Development of printed organic solar cells – SUNFLOWER

Organic photovoltaic (OPV) technology is the latest generation of technology for producing solar power. The advantages over conventional solar cells are the flexibility, low weight, and low cost. This allows many options for integrating these solar cells into buildings. For example, they can be attached as a film to panes of glass, corrugated roofing, and awnings in order to capture solar energy. The energy generating industry also has a huge interest in this technology for low-cost and robust fields of solar panels.

The aim of the collaborative EU-funded SUNFLOWER project is to develop advanced flexible plastic solar cells which are favorable in cost, energy-efficient, and have long service life. The challenge is to combine these features: The efficiency of the solar cells must be 8-10%, the expected service life must be at least 20 years, and the production costs must be reduced to less than 0.70 euro/Wp* (in 2008 the production costs were still 100 euro/Wp according to the OE-A roadmap). Special attention in the development work will be put on the environmental impact and CO2 balance.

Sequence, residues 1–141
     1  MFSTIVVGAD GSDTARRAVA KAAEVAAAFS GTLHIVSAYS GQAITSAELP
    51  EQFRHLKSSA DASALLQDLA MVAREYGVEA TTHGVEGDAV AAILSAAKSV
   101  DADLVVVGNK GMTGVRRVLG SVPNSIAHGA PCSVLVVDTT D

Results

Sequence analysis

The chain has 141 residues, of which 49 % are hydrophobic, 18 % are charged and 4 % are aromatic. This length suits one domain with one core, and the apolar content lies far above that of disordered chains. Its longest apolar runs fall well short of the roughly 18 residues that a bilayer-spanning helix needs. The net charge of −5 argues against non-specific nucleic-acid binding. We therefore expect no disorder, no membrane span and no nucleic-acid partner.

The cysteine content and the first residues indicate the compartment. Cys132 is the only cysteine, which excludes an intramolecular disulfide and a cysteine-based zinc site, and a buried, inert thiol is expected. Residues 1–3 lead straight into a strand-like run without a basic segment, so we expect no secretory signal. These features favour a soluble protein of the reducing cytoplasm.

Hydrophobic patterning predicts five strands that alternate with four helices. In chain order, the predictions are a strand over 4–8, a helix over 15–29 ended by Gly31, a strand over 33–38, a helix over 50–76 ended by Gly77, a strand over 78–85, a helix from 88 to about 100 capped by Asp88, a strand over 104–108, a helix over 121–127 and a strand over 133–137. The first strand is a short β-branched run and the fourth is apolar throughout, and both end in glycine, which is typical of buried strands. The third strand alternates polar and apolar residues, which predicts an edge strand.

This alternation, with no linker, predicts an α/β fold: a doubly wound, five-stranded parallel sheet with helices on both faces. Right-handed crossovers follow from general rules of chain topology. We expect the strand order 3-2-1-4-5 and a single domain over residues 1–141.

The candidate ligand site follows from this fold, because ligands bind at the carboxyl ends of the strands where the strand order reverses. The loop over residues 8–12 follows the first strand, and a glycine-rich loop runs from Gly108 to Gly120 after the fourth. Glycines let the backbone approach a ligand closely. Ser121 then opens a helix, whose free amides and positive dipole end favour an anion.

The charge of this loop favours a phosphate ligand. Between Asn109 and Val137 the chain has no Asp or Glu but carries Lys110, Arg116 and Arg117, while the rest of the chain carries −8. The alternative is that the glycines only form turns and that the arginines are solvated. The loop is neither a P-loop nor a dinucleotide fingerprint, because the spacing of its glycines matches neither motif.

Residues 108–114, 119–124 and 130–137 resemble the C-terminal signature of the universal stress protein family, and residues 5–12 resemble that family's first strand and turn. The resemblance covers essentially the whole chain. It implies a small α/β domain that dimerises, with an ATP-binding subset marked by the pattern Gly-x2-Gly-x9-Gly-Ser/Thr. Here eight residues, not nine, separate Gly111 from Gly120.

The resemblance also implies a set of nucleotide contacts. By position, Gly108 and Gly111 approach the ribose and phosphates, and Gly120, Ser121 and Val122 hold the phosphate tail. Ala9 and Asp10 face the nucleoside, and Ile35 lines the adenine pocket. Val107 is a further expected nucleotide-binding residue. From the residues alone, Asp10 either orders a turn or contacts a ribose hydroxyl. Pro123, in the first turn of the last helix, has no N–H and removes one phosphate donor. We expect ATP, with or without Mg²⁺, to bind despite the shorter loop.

The European project will be coordinated by the Schweizer Zentrum für Elektronik und Mikrotechnik (CSEM). The project consortium comprises 17 partners from industry and R&D organizations.

In order to protect the individual layers in the organic solar cells from oxygen and water vapor, the cells must be encapsulated in barrier films. These barrier films consist of a plastic substrate film that is coated with several alternating layers of inorganic materials and hybrid polymers. In order to achieve a service life of at least 20 years, the films must have water vapor transmission of less than 5x10-4 gm-2d-1 and oxygen transmission of less than 1x10-3 cm3m-2d-1bar-1.

In addition, the films must be stabilized against environmental effects such as UV light, high and low temperatures, and rain, and also against mechanical stresses.

Using the state-of-the-art laminating plant at the Fraunhofer IVV, barrier films can be coated with hybrid polymer lacquers to produce high-barrier laminates. Our many years of experience developing barrier films means that we can customize and measure the water vapor and oxygen transmission and the mechanical stability of the barrier films.

*Wp = Watt peak; nominal power of a solar panel